My LibriVox recordings & my reading journal (solo Litblog).

The Train Dogs by E. Pauline Johnson

LibriVox logo LibriVox volunteers bring you 18 recordings of The Train Dogs by E. Pauline Johnson (1861-1913). This was the Weekly Poetry project for February 6th – February 13th, 2011.

Emily Pauline Johnson (Mohawk: Tekahionwake – pronounced: dageh-eeon-wageh, literally: ‘double-life’)(10 March 1861 – 7 March 1913), commonly known as E. Pauline Johnson or just Pauline Johnson, was a Canadian writer and performer popular in the late 19th century. Johnson was notable for her poems and performances that celebrated her First Nations heritage; she also had half English ancestry. One such poem is the frequently anthologized “The Song My Paddle Sings”. Her poetry was published in Canada, the United States and Great Britain. Johnson was one of a generation of widely read writers who began to define a Canadian literature. (Summary from Wikipedia)

http://www.archive.org/download/train_dogs_1102_librivox/traindogs_johnson_rn_64kb.mp3″Running time=1m 26s (mp3@64kb)

Download locations: mp3 128kb : mp3 64kb : ogg vorbis.
Catalogue pages: LibriVox, Internet Archive.
Zip of the entire book (10.8MB@64kb), featuring all the different readers for this project.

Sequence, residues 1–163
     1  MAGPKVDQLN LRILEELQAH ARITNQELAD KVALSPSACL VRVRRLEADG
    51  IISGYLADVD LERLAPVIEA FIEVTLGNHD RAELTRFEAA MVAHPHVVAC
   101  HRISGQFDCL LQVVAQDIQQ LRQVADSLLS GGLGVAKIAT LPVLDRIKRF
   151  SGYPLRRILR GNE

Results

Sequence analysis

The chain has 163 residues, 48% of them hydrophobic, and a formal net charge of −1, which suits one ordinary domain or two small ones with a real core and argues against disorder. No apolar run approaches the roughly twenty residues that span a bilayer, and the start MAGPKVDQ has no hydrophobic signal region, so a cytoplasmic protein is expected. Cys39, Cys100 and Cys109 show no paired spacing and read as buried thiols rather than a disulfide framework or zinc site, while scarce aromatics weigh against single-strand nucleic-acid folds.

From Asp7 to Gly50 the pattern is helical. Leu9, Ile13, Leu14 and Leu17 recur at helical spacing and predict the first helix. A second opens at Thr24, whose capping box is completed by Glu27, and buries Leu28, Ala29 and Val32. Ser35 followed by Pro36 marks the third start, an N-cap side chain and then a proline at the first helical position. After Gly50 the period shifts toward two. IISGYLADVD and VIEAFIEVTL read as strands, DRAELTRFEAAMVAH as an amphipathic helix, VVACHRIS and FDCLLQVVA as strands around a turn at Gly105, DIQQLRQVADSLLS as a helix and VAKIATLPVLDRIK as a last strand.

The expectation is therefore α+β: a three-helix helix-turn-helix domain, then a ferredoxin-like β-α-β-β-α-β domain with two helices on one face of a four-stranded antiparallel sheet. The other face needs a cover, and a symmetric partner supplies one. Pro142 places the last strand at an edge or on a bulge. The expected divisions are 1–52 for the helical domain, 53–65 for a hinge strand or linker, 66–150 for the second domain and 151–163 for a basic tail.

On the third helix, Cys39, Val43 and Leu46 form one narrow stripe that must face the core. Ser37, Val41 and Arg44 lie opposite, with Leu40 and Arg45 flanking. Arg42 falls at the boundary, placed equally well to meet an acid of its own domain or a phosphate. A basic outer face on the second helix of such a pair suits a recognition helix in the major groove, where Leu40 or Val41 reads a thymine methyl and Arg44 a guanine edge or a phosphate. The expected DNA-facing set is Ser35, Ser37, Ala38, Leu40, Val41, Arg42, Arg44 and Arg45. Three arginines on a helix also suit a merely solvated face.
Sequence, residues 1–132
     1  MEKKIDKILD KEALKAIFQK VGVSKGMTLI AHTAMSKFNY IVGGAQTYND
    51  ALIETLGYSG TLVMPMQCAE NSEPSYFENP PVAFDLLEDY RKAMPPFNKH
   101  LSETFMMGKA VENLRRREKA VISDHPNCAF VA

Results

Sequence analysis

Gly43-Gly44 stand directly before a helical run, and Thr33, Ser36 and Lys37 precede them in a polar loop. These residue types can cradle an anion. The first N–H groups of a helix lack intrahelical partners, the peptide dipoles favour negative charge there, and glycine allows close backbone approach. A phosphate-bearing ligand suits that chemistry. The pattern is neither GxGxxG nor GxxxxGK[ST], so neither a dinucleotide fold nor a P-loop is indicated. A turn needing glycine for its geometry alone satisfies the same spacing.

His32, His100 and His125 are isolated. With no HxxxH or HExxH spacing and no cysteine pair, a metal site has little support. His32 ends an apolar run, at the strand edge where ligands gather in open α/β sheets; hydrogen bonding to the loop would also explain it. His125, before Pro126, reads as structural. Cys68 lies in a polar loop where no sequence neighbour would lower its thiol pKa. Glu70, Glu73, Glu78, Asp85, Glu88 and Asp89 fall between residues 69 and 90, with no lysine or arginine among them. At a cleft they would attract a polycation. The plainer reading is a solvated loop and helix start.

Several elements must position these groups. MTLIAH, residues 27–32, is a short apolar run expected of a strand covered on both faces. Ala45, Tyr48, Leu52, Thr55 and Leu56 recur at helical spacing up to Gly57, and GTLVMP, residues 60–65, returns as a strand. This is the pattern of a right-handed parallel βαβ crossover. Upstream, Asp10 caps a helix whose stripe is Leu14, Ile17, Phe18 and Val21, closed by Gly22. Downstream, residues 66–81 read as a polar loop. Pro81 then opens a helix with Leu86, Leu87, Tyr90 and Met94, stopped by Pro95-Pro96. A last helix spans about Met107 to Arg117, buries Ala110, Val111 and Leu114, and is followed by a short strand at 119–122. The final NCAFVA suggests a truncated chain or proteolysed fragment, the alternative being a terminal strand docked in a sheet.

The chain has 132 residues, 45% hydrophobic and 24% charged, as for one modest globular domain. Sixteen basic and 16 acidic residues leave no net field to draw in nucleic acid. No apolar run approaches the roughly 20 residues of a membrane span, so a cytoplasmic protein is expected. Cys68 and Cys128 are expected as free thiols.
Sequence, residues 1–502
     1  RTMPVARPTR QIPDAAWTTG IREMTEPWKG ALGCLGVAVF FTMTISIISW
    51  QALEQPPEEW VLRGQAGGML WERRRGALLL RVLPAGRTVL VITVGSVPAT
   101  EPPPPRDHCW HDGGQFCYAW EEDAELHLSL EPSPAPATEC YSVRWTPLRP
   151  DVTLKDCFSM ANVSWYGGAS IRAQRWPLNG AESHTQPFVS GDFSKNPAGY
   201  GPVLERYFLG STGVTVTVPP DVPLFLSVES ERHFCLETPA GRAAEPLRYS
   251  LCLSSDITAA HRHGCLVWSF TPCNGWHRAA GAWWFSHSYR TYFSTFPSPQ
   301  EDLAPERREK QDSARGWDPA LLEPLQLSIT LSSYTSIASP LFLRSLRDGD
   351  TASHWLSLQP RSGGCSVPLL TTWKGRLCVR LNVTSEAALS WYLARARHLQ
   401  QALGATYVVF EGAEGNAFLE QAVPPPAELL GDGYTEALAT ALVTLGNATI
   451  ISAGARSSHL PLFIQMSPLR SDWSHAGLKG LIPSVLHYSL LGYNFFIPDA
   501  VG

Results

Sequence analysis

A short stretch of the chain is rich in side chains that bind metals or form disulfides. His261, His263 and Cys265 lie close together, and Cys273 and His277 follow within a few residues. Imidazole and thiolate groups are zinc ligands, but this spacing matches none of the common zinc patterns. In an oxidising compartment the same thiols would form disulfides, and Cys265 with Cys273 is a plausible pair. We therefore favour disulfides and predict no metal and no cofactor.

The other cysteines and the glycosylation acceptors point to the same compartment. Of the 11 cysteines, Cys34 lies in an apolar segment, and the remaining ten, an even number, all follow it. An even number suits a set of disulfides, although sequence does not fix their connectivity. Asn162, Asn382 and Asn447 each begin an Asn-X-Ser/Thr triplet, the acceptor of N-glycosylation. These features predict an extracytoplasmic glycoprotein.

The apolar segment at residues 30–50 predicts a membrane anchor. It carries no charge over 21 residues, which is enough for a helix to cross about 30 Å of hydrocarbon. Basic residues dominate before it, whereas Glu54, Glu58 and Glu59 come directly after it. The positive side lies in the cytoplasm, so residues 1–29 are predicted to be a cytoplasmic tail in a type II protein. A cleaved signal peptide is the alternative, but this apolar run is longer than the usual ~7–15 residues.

The Train Dogs
Out of the night and the north;
Savage of breed and of bone,
Shaggy and swift comes the yelping band,
Freighters of fur from the voiceless land
That sleeps in the Arctic zone.

Laden with skins from the north,
Beaver and bear and raccoon,
Marten and mink from the polar belts,
Otter and ermine and sable pelts—
The spoils of the hunter’s moon.

Out of the night and the north,
Sinewy, fearless and fleet,
Urging the pack through the pathless snow,
The Indian driver, calling low,
Follows with moccasined feet.

Ships of the night and the north,
Freighters on prairies and plains,
Carrying cargoes from field and flood
They scent the trail through their wild red blood,
The wolfish blood in their veins.

This week’s poem can be found here.

Author: raven

Anonymous ;-)

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